The Quarterly Review, Volume 25
William Gifford, Sir John Taylor Coleridge, John Gibson Lockhart, Whitwell Elwin, William Macpherson, William Smith, Sir John Murray (IV), Rowland Edmund Prothero (Baron Ernle), George Walter Prothero
John Murray, 1821
What people are saying - Write a review
We haven't found any reviews in the usual places.
Other editions - View all
Common terms and phrases
according action appears army believe better brought called capital Captain cause character church civil common considerable considered continued corn course court Cromwell direct doubt duty effect England English equally existence expressed fact feelings force foreign France French friends give given hand head heart hope House human important increased interest Italy kind King known land language less liberty light live look Lord manner marriage matter means mind nature never object observed occasion officers opinion original parliament parties passage passed perhaps period Persian persons possessed present principle probably produce question readers reason received remarkable respect rule says seems side spirit success sufficient supposed taken thing thought tion vols whole
Page 62 - ... he carried his whip perpendicularly in his hand, like a sceptre, and, as his horse jogged on, the motion of his arms was not unlike the flapping of a pair of wings. A small wool hat rested on the top of his nose, for so his scanty strip of forehead might be called; and the skirts of his black coat fluttered out almost to the horse's tail.
Page 64 - ... through the hollow, the girths of the saddle gave way, and he felt it slipping from under him. He seized it by the pommel, and endeavored to hold it firm, but in vain ; and had just time to save himself by clasping old Gunpowder round the neck, when the saddle fell to the earth, and he heard it trampled under foot by his pursuer.
Page 347 - From all sedition, privy conspiracy, and rebellion ; from all false doctrine, heresy, and schism ; from hardness of heart, and contempt of thy Word and Commandment, Good Lord, deliver us.
Page 291 - I came into the House one morning, well clad, and perceived a gentleman speaking, whom I knew not, very ordinarily apparelled ; for it was a plain cloth suit, which seemed to have been made by an ill country tailor ; his linen was plain, and not very clean; and I remember a speck or two of blood upon his little band, which was not much larger than his collar : his hat was without a hatband. His stature was of a good size ; his sword stuck close to his side ; his countenance swollen and reddish; his...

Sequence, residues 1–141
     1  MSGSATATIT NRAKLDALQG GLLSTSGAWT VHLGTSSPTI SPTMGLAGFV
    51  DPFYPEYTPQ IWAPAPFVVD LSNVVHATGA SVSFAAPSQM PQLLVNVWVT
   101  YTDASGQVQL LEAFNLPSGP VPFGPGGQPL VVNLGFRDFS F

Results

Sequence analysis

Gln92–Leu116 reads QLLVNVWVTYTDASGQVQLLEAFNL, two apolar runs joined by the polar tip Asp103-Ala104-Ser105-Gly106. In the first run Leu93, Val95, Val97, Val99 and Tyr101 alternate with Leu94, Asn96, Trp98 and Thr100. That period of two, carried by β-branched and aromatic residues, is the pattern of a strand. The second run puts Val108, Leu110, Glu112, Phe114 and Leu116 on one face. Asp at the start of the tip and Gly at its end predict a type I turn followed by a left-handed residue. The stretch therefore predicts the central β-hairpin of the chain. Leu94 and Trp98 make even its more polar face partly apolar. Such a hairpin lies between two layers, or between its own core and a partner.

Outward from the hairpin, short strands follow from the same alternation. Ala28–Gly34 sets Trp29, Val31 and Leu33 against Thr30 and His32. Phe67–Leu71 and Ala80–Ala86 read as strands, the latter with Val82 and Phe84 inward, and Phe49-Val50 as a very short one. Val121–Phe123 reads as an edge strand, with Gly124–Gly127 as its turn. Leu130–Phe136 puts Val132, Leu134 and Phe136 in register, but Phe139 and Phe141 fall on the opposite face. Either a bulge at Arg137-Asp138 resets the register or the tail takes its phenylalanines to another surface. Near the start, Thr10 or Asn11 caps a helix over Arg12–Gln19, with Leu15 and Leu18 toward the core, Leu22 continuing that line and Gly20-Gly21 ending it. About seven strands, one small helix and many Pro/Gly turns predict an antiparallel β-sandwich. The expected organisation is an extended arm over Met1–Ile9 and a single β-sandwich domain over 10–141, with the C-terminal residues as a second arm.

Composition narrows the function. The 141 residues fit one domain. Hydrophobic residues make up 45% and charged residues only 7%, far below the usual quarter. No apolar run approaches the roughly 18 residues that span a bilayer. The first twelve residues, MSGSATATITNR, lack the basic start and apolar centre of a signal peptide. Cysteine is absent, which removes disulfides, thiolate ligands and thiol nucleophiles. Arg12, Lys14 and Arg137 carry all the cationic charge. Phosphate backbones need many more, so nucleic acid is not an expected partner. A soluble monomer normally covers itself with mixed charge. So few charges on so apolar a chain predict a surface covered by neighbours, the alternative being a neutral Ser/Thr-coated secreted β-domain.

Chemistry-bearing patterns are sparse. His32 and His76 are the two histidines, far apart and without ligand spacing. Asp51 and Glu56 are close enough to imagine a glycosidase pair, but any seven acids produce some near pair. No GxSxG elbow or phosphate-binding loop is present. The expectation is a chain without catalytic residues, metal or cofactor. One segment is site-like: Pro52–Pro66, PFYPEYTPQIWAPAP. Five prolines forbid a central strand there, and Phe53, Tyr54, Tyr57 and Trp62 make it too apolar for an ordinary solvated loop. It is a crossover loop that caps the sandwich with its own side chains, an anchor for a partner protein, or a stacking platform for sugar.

Page 59 - In this by-place of nature, there abode, in a remote period of American history, that is to say, some thirty years since, a worthy wight of the name of Ichabod Crane; who sojourned, or, as he expressed it, " tarried," in Sleepy Hollow, for the purpose of instructing the children of the vicinity.
Page 65 - Another convulsive kick in the ribs, and old Gunpowder sprang upon the bridge; he thundered over the resounding planks; he gained the opposite side; and now Ichabod cast a look behind to see if his pursuer should vanish, according to rule, in a flash of fire and brimstone. Just then he saw the goblin rising in his stirrups and in the very act of hurling his head at him.
Page 57 - Where is the mother who would willingly forget the infant that perished like a blossom from her arms, though every recollection is a pang? Where is the child that would willingly forget the most tender of parents, though to remember be but to lament?
Page 65 - If I can but reach that bridge," thought Ichabod, " I am safe." Just then he heard the black steed panting and blowing close behind him ; he even fancied that he felt his hot breath. Another convulsive kick in the ribs, and old Gunpowder sprang upon the bridge ; he thundered over the resounding planks ; he gained the opposite side ; and now Ichabod cast a look behind to see if his pursuer should vanish, according to rule, in a flash of fire and brimstone.
Page 52 - I have wandered through different countries, and witnessed many of the shifting scenes of life. I cannot say that I have studied them with the eye of a philosopher, but rather with the sauntering gaze with which humble lovers of the picturesque stroll from the window of one printshop to another, caught sometimes by the delineations of beauty, sometimes by the distortions of caricature, and sometimes by the loveliness of landscape.
Page 59 - ... the ghost rides forth to the scene of battle in nightly quest of his head, and that the rushing speed with which he sometimes passes along the Hollow like a midnight blast is owing to his being belated and in a hurry to get back to the churchyard before daybreak.